Phlox stolonifera 'Home Fires' (Creeping Phlox) - Quart Super Plugs

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About 'Home Fires' Creeping Phlox

Creeping phlox is a native wildflower of the Appalachians, forming a nice groundcover in areas with rich, slightly acidic soils.  It can often be found growing with Rhododendron maximum, Clethra acuminata and Calycanthus floridus in its native haunts.

'Home Fires' is a stunning, bright pink selection of Creeping Phlox, and it is a very vigorous, disease-resistant selection. 'Home Fires' creeping phlox is almost as vigorous as 'Sherwood Purple', easily spreading 6-12 inches in a single year.  The foliage forms a thick, neat mat about 2-3 inches tall, and the flowers are held above the foliage on 4" to 6" stems.


'Home Fires' creeping phlox is an excellent choice for light to dense shade, and it is very drought tolerant once it has become established.  This phlox is an excellent choice for rich forests along streams, or in a garden with decent loam.  Don't plant it in an area that is very dry all year round, as it struggles to establish.

Creeping phlox is particularly attractive planted with ferns and other spring wildflowers - It grows along with Tiarella cordifolia, Trillium luteum, Pachysandra procumbens, and Hepatica acutiloba in its preferred habitat.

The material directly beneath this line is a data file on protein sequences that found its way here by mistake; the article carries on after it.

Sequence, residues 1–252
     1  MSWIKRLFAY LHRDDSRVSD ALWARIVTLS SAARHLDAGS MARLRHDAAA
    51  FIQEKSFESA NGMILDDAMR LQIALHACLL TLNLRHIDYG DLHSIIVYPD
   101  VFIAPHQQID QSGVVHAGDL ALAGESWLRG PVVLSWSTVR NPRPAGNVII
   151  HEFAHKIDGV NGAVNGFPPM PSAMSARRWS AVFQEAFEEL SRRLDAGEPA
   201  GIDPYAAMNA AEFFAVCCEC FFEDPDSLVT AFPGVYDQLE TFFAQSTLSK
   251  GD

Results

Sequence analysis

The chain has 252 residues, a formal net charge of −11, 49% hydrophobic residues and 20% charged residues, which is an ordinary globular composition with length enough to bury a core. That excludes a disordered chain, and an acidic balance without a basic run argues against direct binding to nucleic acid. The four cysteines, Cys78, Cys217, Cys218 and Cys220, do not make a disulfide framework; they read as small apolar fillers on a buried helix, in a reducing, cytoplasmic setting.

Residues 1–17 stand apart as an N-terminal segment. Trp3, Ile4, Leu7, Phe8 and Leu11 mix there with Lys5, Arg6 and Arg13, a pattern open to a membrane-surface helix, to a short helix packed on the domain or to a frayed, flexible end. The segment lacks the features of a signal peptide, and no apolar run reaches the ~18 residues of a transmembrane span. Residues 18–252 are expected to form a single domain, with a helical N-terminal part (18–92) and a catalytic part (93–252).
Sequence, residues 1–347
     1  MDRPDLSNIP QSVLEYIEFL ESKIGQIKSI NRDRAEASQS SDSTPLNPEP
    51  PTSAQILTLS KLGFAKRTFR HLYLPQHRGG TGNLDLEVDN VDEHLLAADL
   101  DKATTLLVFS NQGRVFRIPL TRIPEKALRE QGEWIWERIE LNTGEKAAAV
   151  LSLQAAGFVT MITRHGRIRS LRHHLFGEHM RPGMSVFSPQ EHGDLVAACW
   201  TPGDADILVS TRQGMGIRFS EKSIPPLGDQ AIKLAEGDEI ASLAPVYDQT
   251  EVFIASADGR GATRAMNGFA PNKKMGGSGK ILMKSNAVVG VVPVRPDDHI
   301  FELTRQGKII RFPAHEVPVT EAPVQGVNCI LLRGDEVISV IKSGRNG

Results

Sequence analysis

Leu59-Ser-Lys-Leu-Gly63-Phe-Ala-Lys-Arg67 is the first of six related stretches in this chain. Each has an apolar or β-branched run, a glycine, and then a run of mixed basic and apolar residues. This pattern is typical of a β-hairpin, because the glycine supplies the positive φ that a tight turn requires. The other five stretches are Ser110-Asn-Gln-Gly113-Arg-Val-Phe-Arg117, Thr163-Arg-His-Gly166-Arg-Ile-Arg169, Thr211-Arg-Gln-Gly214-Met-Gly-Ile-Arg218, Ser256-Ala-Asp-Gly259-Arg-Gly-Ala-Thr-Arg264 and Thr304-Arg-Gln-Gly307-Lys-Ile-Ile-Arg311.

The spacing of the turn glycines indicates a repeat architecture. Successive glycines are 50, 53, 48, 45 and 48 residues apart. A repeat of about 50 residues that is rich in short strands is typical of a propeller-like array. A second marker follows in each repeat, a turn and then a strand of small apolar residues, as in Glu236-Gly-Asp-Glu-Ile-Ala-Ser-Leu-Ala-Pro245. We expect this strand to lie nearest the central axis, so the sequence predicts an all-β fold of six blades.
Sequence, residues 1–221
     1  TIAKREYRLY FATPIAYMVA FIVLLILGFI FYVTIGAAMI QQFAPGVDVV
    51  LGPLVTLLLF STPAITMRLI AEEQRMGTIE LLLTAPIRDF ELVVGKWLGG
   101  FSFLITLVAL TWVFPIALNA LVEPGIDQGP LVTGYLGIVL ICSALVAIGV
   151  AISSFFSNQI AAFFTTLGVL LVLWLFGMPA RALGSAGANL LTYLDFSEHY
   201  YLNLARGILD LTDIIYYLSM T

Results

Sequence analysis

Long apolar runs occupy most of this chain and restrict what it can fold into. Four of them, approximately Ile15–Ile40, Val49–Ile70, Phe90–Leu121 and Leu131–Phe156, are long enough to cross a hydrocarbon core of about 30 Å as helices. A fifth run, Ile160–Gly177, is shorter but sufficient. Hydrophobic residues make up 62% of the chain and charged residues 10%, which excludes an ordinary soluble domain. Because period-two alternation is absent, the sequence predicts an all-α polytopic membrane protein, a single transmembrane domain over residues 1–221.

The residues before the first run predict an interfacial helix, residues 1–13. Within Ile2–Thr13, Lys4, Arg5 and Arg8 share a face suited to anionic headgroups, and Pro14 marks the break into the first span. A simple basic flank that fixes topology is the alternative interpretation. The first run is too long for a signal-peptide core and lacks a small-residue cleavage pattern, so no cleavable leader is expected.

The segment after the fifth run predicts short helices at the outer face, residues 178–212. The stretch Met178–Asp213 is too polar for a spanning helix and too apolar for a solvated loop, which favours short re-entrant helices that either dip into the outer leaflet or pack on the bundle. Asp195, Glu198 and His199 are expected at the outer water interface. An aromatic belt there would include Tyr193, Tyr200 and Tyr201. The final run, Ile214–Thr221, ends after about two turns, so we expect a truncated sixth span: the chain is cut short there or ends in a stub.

How to Grow 'Home Fires' Creeping Phlox

Though native to the Appalachians, creeping phlox does well in gardens anywhere in the Eastern Deciduous Forest region.  It tolerates extreme cold as well as heat and humidity, though mildew can be an issue in humid summer climates.  Select resistant varieties to prevent this; 'Home Fires' and 'Sherwood Purple' are both good choices.

Creeping phlox needs to be kept moist for the first year, especially when it turns hot and dry.  Plant 12 inches apart in prepared ground, and keep the planting free of weeds at first.  Once established, Creeping Phlox usually will outcompete weeds, forming an attractive low mat.

Our Creeping Phlox quart SuperPlugs will establish quickly.  Plant in Autumn for blooms the following Spring, or if planted in the Spring, the plants will usually put on vegetative growth for a year.  For large areas, we recommend the more economical SureRoots 50-cell plug trays, though these do require a little more maintenance at first.

Common Name: 'Home Fires' Creeping Phlox
Botanical Name: Phlox stolonifera 'Home Fires'